Drawings and Prints
The Department’s vast collection of works on paper comprises approximately 21,000 drawings, 1.2 million prints, and 12,000 illustrated books created in Europe and the Americas from about 1400 to the present day. Since its foundation in 1916, the Department has been committed to collecting a wide range of works on paper, which includes both pieces that are incredibly rare and lauded for their aesthetic appeal, as well as material that is more popular, functional, and ephemeral. The broad scope of the department’s collecting encourages questions of connoisseurship as well as those pertaining to function and context, and demonstrates the vital role that prints, drawings, and illustrated books have played throughout history.
Because of their fragile nature and susceptibility to fading and discoloration, works on paper can only be exhibited for short periods at a time (approximately three months) under carefully controlled lighting conditions. In order to make the entire collection accessible to the public, works of art not installed in the galleries may be viewed by appointment in the Study Room for Drawings and Prints. In addition, an ever-growing portion of our holdings (currently over 177,000 works) can be explored on The Met’s online database.
In 1880, the railroad and shipping tycoon Cornelius Vanderbilt presented the Museum’s Department of Paintings with 670 drawings by or attributed to European artists active before 1900. In the following years, the Department of Paintings began to acquire drawings by the likes of Michelangelo and Leonardo, while prints were acquired by the library. At the time, the trustees of the Museum agitated for the creation of a separate print department, but it was not until 1916 after the acquisition of more than thirty-five hundred mostly nineteenth-century etchings from the paper manufacturer Harris Brisbane Dick, who also gave a large fund for additional purchases, that William M. Ivins Jr. was hired to build a collection of works on paper that would rival those of other curatorial departments.
During the tenure of Ivins (1916-46) and his successor A. Hyatt Mayor (hired 1932, 1946-66 Curator of Prints), the Department of Prints amassed many hundreds of thousands of European, American, and Mexican prints as well as illustrated books, ornament and architectural drawings, and photographs for the Museum. Ivins and Mayor also worked closely with contemporary artists, bringing their work into the Museum for the first time. Under their leadership, the Department of Prints attracted remarkable gifts and bequests including prints by Albrecht Dürer from Junius Spencer Morgan; Gothic woodcuts and late Rembrandt etchings from Felix M. Warburg and his family; and prints by Rembrandt, Anthony Van Dyck, Edgar Degas, and Mary Cassatt from the H.O. Havemeyer Collection.
Ivins asserted at the beginning of his tenure that “the print collection of a museum cannot be formed solely upon Yes and No answers to the question: Is it a work of art? Rather must it be, like the library of a professor of literature, composed of a corpus of prints in themselves distinctly works of art, filled out and illustrated by many prints which have only a technical historical importance.” To that end, the collection Ivins and Mayor assembled includes the most exceptional examples, as well as popular prints, such as posters and trade cards, that were printed in large numbers, widely circulated, and never intended to last. They believed these more common ephemeral works served as storehouses of information about their time and place and belonged in the Museum. This type of collecting was unprecedented in museums in the United States but became critical to the Met’s ability to present the comprehensive history of printmaking and draftsmanship in the Western world. Following in the founder’s mission of collecting a broad range of works on paper, the collection continued to expand under the leadership of curators John McKendry (1966-75), Colta Ives (1975-93), and George Goldner (1993-2015).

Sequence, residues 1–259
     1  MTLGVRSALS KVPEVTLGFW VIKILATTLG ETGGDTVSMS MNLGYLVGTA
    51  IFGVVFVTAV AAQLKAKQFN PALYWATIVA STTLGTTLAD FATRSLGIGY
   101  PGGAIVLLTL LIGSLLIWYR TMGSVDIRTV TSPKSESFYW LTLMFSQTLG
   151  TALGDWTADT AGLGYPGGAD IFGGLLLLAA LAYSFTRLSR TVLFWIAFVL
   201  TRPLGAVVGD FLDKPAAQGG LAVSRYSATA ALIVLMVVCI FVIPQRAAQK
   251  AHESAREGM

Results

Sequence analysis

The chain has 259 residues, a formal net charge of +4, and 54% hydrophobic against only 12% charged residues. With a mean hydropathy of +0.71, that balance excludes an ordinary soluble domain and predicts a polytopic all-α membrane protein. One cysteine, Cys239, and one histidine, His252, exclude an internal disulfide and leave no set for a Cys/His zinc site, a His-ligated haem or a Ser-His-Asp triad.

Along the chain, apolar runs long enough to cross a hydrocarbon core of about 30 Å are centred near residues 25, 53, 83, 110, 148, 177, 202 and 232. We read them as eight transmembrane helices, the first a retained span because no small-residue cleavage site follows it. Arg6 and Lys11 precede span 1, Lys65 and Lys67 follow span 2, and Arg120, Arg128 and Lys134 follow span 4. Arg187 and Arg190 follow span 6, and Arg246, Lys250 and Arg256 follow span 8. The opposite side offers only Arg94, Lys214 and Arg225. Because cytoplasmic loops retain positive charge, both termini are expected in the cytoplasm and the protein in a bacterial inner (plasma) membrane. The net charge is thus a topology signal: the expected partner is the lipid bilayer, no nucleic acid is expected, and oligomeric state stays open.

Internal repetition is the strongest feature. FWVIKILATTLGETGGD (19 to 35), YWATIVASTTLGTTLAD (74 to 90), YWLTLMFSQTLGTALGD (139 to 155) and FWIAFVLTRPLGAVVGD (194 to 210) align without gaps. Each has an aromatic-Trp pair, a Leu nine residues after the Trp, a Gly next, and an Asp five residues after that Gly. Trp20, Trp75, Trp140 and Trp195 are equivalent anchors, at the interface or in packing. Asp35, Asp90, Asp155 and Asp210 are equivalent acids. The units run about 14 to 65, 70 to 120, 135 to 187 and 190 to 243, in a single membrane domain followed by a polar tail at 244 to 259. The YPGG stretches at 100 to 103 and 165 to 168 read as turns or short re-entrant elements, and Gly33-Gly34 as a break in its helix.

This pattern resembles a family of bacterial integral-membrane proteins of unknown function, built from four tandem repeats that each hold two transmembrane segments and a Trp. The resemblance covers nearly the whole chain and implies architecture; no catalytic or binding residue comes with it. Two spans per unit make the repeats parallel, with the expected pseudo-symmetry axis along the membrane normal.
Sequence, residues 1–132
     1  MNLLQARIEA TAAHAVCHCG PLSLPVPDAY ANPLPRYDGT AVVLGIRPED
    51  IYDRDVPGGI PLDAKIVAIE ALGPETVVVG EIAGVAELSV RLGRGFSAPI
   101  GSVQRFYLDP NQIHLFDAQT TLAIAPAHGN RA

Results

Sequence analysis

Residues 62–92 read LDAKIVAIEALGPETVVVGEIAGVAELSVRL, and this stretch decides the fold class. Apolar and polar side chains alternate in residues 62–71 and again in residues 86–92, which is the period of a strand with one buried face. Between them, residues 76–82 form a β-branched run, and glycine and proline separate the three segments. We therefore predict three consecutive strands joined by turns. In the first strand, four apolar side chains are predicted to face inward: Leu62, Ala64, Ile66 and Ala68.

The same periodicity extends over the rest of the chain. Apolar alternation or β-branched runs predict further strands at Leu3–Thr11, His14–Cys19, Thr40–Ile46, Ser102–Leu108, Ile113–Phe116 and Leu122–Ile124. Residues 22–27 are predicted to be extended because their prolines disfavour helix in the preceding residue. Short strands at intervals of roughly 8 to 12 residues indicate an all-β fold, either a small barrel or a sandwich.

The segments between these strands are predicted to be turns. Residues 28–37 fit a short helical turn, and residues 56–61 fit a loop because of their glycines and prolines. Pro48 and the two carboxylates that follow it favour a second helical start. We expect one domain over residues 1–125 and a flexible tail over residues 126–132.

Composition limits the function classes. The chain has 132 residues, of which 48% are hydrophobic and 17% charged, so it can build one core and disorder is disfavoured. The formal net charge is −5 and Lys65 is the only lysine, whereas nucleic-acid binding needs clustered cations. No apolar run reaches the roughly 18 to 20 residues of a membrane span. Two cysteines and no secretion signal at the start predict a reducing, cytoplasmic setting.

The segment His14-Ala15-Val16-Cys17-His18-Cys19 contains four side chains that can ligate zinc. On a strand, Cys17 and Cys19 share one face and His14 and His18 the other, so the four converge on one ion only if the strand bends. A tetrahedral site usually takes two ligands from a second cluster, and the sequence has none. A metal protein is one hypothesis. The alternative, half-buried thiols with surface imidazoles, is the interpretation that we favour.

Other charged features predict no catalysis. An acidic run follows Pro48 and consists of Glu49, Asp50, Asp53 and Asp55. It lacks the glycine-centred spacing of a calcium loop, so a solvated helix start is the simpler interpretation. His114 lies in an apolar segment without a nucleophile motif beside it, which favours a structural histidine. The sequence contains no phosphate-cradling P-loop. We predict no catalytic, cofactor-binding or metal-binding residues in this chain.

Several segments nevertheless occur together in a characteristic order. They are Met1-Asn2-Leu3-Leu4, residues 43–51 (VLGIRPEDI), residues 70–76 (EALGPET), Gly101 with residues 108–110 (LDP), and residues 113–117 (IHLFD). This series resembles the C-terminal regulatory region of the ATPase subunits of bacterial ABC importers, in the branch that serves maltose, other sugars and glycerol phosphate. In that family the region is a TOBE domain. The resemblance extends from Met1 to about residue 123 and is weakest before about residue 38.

Continue reading about our history here.
Explore the Collection
See a selection of newly acquired works.
How is a work of art on paper created? Learn more about the materials and techniques of drawings and prints in this online feature.
Standing 12 feet tall, the Arch is one of the largest prints ever produced. Discover the remarkable paper monument Dürer created for Emperor Maximilian I.
Explore the life and work of Jonathan King, one of the nineteenth century’s most important producers of valentines.
Discover a selection of jewel-like greeting cards produced in the Viennese workshop of Johannes Joseph Endletzberger from The Met’s ephemera collection.
Discover The Met's many publications on drawings and prints.
Browse richly illustrated essays on drawings and prints in the collection.
Read fresh perspectives on drawings and prints in the collection from curators and others at the Museum.
Watch videos on drawings and prints at The Met—interviews, lectures, exhibition previews, and more.
Study Room for Drawings and Prints
Most of the works on paper that are not on view may be examined by qualified visitors in the study room. Also available is a reference library of books on the history of prints and drawings.
See the current and past newsletters.
Get to know the people who care for the art.
Meet the fellows in the Department of Drawings and Prints.
Friends of Drawings and Prints brings together patrons and collectors in support of the department.